Directed by Nicholas Stoller and Doug Sweetland
Written by Nicholas Stoller
Starring: Andy Samberg, Katie Crown, Kelsey Grammar, Jennifer Aniston, Ty Burrell, Anton Starkman, Keegan-Michael Key, Jordan Peele, Danny Trejo, and Stephen Kramer Glickman
Runtime: 89 minutes
At what point do you realize that a studio is largely not responsible for a movie but the creative people employed by the studio is? About the point you realize that the brilliant and inspired The Lego Movie came from the same studio the bland and repetitive Storks does. Maybe this is a surprise, considering writer/director Nicholas Stoller co-wrote The Muppets and Muppets Most Wanted and wrote and directed the funny Neighbors, but Storks swings wildly and misses on almost every one.
The premise is amusing, that of storks no longer delivering babies but working for an online superstore not unlike Amazon. After that, when the plot elements are added, things start to go downhill fast. They’ve raised an orphan human, Tulip (Katie Crown), because she was supposed to be the last baby delivered but her tracking beacon was damaged and she couldn’t be. Junior (Andy Samberg) is the top deliverer and is called in by the boss Hunter (Kelsey Grammar). Hunter is getting promoted to President and he wants Junior to replace him. All he has to do is fire Tulip (who is a major klutz, of course) by Monday and the job is his. When he can’t bring himself to fire her, he puts her in the letters office, which is basically defunct, to keep her out of sight. This works until they receive a letter from Nate Gardner (Anton Starkman) asking for a baby brother because he believes his parents Sarah and Henry (Jennifer Aniston and Ty Burrell) work too much and need another baby so they pay attention to their family instead of their real estate business. Tulip takes the letter to the baby production machine and mistakenly turns it on instead of putting the letter into the pile of letters on the other side of the room (since they don’t deliver babies anymore). A baby is made and Junior takes Tulip to deliver it before Monday so he can be boss.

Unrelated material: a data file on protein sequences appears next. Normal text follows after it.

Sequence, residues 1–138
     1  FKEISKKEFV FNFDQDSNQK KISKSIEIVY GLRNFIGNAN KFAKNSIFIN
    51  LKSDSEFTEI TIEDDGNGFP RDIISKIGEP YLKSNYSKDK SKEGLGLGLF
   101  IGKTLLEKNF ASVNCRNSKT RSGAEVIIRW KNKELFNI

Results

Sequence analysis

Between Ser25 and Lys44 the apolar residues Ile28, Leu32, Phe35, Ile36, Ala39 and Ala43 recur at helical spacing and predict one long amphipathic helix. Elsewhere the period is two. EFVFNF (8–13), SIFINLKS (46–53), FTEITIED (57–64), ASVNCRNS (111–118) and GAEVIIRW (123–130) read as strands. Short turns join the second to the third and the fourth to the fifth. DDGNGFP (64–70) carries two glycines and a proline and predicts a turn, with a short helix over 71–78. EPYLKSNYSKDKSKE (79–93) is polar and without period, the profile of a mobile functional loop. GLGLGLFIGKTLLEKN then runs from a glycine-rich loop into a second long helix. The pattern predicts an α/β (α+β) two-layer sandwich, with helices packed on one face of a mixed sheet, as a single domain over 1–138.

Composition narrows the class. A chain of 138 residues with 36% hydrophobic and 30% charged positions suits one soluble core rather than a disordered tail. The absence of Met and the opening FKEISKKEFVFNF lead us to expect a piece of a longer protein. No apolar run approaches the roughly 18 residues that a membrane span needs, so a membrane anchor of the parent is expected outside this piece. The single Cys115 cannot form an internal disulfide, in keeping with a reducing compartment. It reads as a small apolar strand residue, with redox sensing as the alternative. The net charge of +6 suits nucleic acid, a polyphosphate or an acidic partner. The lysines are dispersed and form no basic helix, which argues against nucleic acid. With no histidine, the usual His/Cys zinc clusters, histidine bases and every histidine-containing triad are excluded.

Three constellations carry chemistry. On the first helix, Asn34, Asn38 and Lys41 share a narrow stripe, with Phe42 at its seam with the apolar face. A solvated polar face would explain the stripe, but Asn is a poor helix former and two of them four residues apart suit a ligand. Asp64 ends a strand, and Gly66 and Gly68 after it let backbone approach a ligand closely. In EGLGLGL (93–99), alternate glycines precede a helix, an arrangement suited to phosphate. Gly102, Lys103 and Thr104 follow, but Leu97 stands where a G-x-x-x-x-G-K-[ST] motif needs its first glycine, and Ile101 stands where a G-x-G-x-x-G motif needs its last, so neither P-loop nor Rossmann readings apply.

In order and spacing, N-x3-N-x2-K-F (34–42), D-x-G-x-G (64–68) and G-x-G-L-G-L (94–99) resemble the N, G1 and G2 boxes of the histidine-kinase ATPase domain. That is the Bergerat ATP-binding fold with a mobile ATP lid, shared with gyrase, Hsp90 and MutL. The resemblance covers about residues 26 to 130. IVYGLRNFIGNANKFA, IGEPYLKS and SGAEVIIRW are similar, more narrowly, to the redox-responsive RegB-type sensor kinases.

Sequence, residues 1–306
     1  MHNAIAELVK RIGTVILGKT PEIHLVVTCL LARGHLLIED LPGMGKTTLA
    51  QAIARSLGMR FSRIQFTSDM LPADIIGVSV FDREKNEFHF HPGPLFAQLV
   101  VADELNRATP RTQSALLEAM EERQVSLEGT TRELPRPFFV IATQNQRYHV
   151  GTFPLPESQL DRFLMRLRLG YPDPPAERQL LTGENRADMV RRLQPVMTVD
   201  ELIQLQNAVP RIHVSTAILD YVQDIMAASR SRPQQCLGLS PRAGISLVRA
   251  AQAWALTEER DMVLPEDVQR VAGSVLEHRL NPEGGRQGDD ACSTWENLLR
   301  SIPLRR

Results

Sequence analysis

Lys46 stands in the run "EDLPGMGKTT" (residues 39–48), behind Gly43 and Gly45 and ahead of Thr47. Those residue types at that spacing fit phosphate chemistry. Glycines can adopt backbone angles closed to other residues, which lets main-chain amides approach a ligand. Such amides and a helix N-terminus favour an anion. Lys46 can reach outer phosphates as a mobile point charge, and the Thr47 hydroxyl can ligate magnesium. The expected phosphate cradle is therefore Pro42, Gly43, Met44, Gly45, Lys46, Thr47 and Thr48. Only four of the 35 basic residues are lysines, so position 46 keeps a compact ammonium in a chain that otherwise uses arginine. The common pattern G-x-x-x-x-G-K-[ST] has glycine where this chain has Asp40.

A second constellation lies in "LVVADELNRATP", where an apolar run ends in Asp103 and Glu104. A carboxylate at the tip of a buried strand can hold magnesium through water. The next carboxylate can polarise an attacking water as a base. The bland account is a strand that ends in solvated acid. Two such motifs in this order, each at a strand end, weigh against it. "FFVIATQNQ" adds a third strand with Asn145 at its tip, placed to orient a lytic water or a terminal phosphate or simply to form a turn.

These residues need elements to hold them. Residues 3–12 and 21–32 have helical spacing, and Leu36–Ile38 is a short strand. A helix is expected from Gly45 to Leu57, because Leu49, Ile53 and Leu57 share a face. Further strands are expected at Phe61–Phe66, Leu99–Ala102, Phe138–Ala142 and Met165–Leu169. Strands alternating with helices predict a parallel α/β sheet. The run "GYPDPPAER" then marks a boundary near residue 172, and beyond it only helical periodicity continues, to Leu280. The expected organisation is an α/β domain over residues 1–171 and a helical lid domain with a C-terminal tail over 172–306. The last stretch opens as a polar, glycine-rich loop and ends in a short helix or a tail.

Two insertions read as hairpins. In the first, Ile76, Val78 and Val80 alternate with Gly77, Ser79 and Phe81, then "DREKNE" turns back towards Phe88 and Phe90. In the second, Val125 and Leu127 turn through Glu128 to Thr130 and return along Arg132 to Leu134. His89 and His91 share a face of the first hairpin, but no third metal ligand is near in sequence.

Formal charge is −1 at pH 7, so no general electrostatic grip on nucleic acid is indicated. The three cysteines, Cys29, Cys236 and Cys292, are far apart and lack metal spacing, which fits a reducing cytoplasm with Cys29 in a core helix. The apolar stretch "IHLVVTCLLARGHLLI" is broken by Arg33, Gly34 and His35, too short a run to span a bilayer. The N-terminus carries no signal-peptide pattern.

Yes, the movie is that exhausting and that’s just part of the first act. The funniest bit involves a wolf pack, led by Alpha (Keegan-Michael Key) and Beta (Jordan Peele) that is surprising…if you haven’t seen the trailer. They can take the form of a variety of modes of transportation and at first, it’s the only genuine laugh in the picture. Then it gets repeated ad nauseam and all the genuine humor is drained from it. Everything else plays out exactly how you would expect: the delivery is fraught with complications, friendships form, a broken family starts to mend, the stork bosses don’t like that there’s a baby, so on and so forth.
The biggest problem with the movie is that there are no real characters, only plot. This is a problem with most sub-par animated films (and live action, to be honest) and Storks is no exception. We are just presented with types that fall a lot. The obvious attempts at humor injection, the wolves and Pidgeon Toadie (Stephen Kramer Glickman) (get it? pidgeon toed? And he’s a toadie?) are forced (the wolves, as I said, not right away, but become so). Pidgeon Toadie is an attack on a dude-bro character that would have worked fine if he was only in his first scene. When he becomes a primary antagonist, he becomes incredibly annoying and more and more unnecessary with each scene he’s in.
Stoller’s screenplay is ham-fisted and feels like he never quite made it past the concept stage, despite layering in mountains of plot. The script just never works beyond its premise. His most successful scripts were done with partners, so maybe it’s just that he can’t write kids movies alone or more likely, he wasn’t the driving force behind those Muppets movies he worked on (more likely because his other writing efforts aren’t very good, partner or no).
The cast is game, but most sound like they’re there for a paycheck and not because of the material. Samberg seems like he’d be a natural for voice acting in animated pictures, but so far his track record is spotty at best (both Hotel Transylvania pictures and now this).
There just isn’t much here for the audience, young or old. There was very little laughter at the screening I attended, which was mostly populated by kids. I could hear the younger ones asking questions about what was going on and the older ones who were following it just didn’t laugh much and the adults did even less.
The degree to which Storks doesn’t work is astounding given the quality of animated films over the last 20 years or so. As the bar repeatedly gets raised (normally by Pixar, occasionally by DreamWorks or Disney), the flotsam and jetsam leading up to the bar gets more and more piled up. This isn’t the worst animated film of the year, Angry Birds still holds that title, but this is close. It’s frustrating when a clever concept gets buried in unnecessary plot and ignores the characters only to force development upon them in the last act whether they earned it or not. Keep the kids home and watch Zootopia or The Jungle Book instead or if you’re intent on going out, see Kubo and the Two Strings, everyone will be the better for it.